Ed Tech Headlines

School Technology Leaders Applaud Passage of Every Child Achieves Act

Washington, DC (July 16, 2015) – Keith Krueger, CEO of CoSN (the Consortium for School Networking), today issued the following statement on the Every Child Achieves Act of 2015, S. 1177:

“The benefits of learning, especially on a personalized level, empowered through technology are proven in schools nationwide.  

Digital Learning Equity Act Takes Important Step to Reduce Digital Inequities

Washington, DC (June 18, 2015) – Keith Krueger, CEO of CoSN, today issued the following statement on the introduction of the Digital Learning Equity Act of 2015:

“We applaud Senators Angus King (I-ME) and Shelley Capito (R-WV) for recognizing that student learning doesn’t begin and stop at school doors. Through digital resources and connectivity, it continues with students right to their homes and outside of school.

Refurbished Computers – Not So Fast

A few years ago, we finally got to the point where most school districts had established policies to replace outdated computers. Then along came the recession, and with it, the refresh cycle that CTOs had fought so hard to create. Now, as the technology in our school continues to age, leaders are looking for innovative ways to replace older equipment while implementing new projects like Common Core preparation.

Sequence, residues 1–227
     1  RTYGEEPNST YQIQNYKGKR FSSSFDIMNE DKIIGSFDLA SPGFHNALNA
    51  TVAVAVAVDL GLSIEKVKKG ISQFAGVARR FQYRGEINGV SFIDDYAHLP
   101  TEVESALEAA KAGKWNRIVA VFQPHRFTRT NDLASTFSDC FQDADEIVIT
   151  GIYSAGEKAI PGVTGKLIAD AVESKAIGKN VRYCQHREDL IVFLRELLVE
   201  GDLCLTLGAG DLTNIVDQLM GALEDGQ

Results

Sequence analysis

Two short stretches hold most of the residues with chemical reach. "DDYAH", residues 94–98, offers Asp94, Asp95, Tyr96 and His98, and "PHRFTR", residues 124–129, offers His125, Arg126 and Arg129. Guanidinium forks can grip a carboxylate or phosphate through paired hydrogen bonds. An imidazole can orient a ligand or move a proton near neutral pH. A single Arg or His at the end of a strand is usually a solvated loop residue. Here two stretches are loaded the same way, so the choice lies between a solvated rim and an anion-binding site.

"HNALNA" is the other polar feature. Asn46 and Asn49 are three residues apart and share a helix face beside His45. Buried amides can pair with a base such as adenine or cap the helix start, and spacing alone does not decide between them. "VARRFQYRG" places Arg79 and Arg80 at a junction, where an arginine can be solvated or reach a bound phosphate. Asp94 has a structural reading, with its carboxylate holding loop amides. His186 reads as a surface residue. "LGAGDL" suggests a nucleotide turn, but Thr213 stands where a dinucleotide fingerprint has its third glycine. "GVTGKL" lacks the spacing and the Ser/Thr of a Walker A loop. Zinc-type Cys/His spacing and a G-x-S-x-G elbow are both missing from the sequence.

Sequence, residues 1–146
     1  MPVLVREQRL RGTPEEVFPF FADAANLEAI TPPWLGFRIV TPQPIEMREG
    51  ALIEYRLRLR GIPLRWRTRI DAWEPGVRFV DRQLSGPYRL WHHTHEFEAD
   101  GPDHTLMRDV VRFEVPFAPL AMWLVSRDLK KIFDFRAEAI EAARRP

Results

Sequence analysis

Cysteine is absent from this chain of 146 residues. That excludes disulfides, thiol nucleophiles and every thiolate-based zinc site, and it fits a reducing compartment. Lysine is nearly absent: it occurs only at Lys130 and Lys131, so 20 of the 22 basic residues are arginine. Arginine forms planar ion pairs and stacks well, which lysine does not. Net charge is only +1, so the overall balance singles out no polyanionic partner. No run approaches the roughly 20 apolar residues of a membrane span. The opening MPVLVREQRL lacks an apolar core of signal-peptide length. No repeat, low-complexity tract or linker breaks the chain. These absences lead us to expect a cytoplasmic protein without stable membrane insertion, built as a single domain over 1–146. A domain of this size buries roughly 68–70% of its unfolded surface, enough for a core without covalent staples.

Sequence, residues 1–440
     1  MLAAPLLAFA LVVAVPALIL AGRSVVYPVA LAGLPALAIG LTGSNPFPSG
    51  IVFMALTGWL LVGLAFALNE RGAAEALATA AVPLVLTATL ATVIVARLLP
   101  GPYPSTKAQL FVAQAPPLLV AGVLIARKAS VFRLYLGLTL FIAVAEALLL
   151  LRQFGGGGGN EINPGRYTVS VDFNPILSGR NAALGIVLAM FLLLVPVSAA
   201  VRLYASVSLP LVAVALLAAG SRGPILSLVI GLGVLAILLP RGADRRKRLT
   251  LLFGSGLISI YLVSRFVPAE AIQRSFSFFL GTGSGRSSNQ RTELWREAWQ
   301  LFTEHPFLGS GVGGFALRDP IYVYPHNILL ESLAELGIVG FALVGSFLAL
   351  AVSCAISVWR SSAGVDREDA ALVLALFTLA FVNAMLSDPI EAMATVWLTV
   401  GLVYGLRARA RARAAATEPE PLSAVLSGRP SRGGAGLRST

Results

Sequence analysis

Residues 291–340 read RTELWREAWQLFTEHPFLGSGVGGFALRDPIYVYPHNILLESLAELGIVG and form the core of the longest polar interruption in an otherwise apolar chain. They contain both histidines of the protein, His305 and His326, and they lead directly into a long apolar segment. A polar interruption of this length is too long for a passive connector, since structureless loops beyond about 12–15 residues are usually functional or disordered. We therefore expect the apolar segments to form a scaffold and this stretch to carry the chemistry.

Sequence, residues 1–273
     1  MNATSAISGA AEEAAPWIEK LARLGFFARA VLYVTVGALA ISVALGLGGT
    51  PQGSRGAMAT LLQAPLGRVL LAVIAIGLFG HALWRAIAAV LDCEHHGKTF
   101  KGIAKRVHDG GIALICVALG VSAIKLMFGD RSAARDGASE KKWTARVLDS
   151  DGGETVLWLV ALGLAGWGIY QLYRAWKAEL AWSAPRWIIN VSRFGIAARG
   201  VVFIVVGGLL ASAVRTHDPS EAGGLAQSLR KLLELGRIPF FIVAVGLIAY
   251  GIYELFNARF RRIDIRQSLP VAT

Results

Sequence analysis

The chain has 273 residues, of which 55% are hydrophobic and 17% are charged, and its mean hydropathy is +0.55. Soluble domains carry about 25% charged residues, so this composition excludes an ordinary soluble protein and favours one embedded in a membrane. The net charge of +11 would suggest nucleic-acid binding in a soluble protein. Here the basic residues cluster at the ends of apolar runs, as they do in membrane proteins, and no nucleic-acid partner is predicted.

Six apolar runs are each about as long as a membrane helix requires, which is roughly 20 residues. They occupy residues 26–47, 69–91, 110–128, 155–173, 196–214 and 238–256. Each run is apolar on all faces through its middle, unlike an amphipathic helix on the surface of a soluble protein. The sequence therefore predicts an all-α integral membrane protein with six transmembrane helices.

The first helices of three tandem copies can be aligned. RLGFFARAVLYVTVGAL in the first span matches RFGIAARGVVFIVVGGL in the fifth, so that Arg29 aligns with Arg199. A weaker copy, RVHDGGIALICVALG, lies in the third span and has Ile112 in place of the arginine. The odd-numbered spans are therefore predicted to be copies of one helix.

Wi-Fi in U.S. Schools Estimated to Cost $800 Million Per Year to Meet President’s Goal of 99% of Students Connected by 2018

WASHINGTON, DC (May 28, 2014) – CoSN (Consortium for School Networking) and EducationSuperHighway today released to the Federal Communications Commission (FCC) an estimate of the additional E-rate funds necessary for robust local area network (LAN), Wi-Fi, and core wide area network (WAN) equipment that will achieve the Administration’s ConnectED vision.

UNESCO findings illuminate the potential of mobile reading (stay tuned for a new resource!)

774 million people worldwide -- more than double the population of the United States -- cannot read and write.  

Illiteracy is rampant, but it is also highly concentrated in a few countries, where poverty, conflict, and poor health care often complicate efforts to provide education. For example, in Sub-Saharan Africa, the number of illiterate people has increased by 40% since 2000, despite significant gains in other global regions.

When it Comes to IT Investments, Think Value, Not Return

Return on investment and net present value are common concepts used in business to determine how best to invest in technology to lower bottom-line costs and increase revenues. Both are helpful because businesses seek to maximize profits, after all. If this approach were applicable to school districts, the decision-making process for proposed technology projects would be much easier and more objective.